Top off coolant and wiper fluid.
You want to make sure you have the right coolant and washer fluid in your vehicle for the winter since too much water content can lead to freezing and performance issues. Now is also a good time to inspect either system for leaks or take it into a shop that can do that for you.
Keep the tank full.
You may usually only top off your fuel when the tank reaches the 1/4-full mark on the gauge. That can be a costly mistake in the wintertime. You should keep your tank 1/2-full or better at all times in case you find yourself sitting in traffic or taking the long way home due to winter weather conditions.
Tools and Emergency Equipment
Jack, stands, lug wrenches.
At the very least, you must be prepared to change a spare tire in the wintertime. There's no guarantee roadside assistance can reach you when conditions are bad. Take the time to make sure you have a jack, jack stand, and lug wrench in the trunk just in case you get a flat.
Roadside emergency bag.
Speaking of roadside emergencies, things happen and you need to be prepared when they do. Keep an emergency kit in your vehicle for safe measures. The kit should include gear for emergency roadside repairs (pliers, screwdrivers, tape, booster cables, and so on), along with items to keep you safe and warm.
An emergency blanket, road flares, hand warmers, flashlights, and gloves are must-have items in the winter. Remember, it might take some time for roadside assistance to get to you in the winter months, so it doesn’t hurt to have water and non-perishable snacks in your car as well.
Traction gear for the trunk.
Maybe you just hit a rough patch, and traction is just a few feet away. Proper traction devices like traction boards can help you get there if you have room in your vehicle for them. It's also a good idea to keep tire chains and recovery straps in your vehicle during the winter as they can make all the difference in the world in emergency situations.
If you have room, it can be a good idea to keep a bag of sand or kitty litter in the vehicle -- that can be enough to give you just the right amount of traction to make it out of a snowbank. If you’ve got a truck, a shovel might even be a good thing to have around.
Safe driving starts with you
Even if your vehicle is armed to the teeth to handle wintry weather conditions, it's still important to change your driving habits.
A slick patch of black ice or an unexpectedly deep patch of snow can send any vehicle into a slide, or worse. To make sure that doesn't happen to you, you'll want to put these key tips into practice:
The winter is no time for speeding. The faster you're moving, the faster things can get out of control and the less time you'll have to react. Take your time and stick to the speed limit. If the weather is getting bad, throw on the flashers and drive at a speed that you're comfortable with.
Your parents might tell you to pump your brakes, but that's the old-school way of thinking as modern ABS systems simply don't require it. Brake steadily and lightly when you need to slow down. Also, remember that braking distances are increased when slush or snow is on the road, and you should begin applying the brakes sooner.
If you're in a skid or low traction condition, apply the brakes at an even slower rate to prevent the vehicle from going into a spin. Again, driving at slower speeds will make it easier to manage situations of the likes.
Tailgating is always a bad idea, but it's downright reckless in the winter — even while driving slow.
Don't assume the driver in front of you knows how to drive in the winter or that they set their vehicle up properly. You should actually assume the exact opposite and give them a little more following distance than normal because of it.
Keep in mind, you won't be able to slow down as quickly as normal, and that may lead to an accident if you're following too closely.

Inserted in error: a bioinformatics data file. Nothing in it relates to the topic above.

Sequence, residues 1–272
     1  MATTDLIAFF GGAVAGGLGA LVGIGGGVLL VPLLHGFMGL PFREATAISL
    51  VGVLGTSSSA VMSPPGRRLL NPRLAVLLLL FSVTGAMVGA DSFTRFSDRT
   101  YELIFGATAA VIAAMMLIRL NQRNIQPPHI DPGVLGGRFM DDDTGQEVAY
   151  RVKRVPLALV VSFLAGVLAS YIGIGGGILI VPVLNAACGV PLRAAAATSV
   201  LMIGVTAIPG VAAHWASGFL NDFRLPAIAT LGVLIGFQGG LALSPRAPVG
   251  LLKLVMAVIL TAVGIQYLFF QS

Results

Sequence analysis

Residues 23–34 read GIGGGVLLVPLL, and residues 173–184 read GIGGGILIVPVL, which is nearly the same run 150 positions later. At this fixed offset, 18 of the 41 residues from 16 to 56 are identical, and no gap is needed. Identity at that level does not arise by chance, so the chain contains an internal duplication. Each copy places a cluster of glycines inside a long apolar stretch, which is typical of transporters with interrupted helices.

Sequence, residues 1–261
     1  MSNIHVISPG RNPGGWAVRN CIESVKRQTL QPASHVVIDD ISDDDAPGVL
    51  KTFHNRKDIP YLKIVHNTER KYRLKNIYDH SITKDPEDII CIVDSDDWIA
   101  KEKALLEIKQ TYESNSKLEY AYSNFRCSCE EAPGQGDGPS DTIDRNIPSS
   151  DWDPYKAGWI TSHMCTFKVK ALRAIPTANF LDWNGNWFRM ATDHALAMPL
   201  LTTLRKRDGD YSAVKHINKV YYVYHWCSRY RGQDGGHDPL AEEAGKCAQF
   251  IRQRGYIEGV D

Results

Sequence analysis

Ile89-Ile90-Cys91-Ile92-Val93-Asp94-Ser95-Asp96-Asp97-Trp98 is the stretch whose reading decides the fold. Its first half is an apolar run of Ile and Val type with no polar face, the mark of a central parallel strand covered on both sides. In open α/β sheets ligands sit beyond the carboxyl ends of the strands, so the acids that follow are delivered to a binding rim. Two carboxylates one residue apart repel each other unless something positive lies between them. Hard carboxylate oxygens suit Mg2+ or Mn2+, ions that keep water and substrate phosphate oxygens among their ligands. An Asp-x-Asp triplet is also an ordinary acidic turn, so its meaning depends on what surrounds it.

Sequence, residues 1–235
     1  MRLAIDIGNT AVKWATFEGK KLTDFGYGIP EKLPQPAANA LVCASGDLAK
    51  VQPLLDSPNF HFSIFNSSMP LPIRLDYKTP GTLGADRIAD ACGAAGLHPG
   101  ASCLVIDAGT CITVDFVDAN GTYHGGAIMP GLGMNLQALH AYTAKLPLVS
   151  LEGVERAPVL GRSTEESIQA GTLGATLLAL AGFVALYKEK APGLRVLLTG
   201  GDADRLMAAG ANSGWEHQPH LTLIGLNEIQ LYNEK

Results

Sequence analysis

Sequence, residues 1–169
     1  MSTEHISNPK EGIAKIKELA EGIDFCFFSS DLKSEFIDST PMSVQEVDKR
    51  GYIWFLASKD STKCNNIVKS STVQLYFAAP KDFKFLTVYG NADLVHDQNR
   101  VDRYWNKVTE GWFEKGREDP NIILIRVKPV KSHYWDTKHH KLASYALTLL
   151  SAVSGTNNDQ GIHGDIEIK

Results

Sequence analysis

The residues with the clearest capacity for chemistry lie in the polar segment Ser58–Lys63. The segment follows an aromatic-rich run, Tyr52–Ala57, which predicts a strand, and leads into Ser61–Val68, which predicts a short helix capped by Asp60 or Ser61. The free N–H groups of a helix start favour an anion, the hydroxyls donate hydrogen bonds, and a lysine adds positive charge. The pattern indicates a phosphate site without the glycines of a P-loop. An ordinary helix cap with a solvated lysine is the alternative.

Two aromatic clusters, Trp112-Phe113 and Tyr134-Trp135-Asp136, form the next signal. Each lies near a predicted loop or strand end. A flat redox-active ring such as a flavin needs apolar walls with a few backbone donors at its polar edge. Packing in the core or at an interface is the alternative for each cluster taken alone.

High beams vs fog lights.
Don't count on high beams and fog lights doing any heavy lifting in the wintertime. They can actually make things worse as fog lights aren't meant for heavy snowfall, and high beams can reduce vision in those same conditions due to their angle and reflection. Get used to using your low beams for most driving situations. It won't hurt to throw in fresh bulbs and clean the housings before winter hits.
Steady, deliberate throttle.
Don't stab the throttle to get up to speed. Instead, use smooth and steady motions to maintain traction. If you do break traction while turning, try to back off the throttle slowly as you correct the vehicle's trajectory.
Rear-wheel drive vehicles will oversteer, meaning the rear end will try to swing out in a turn, and you should turn against the direction of the rear end to correct it. Front-wheel drive will understeer, which means it will try to keep going straight. When this happens, easing off the throttle and keeping the wheel pointed into the turn will help you regain traction.
Whenever you're going uphill, you want to use momentum to your advantage. In other words, you want to hit the hill with enough speed so that light throttle can get you to the top. Applying too much gas will break traction, and you definitely want to avoid that.
Going downhill is a different story because you shouldn't apply any gas. You still want the momentum to provide motion. Only your right foot should be on the brake pedal, slowly applying pressure to keep you rolling at a manageable speed.
If there's ice on the roads, you should avoid driving altogether. Even four-wheel drive trucks and all-wheel drive applications won't stand up to ice without studded tires, like the Nokian Hakkapeliitta 10.
Don't panic if you are forced into a situation where you need to drive with snow on the ground. Keep speeds under 20 MPH, and apply the same driving tips you have under your belt.
It's also worth mentioning the need to keep your eye open for black ice at all times in freezing weather conditions. If the roads look wet, always assume it's black ice and slow down to avoid losing control over the vehicle.
Again, you will wind up driving in poor winter conditions at some point or another. Don't worry. So long as you keep a cool head and these tips in mind, you will be just fine.
If you're questioning the tires on your car before winter hits, take a look at our selection or give us a call. We have experts dedicated to picking the right tires for any application, which will gladly take the time to make sure your ride is safe and ready for the snowy season.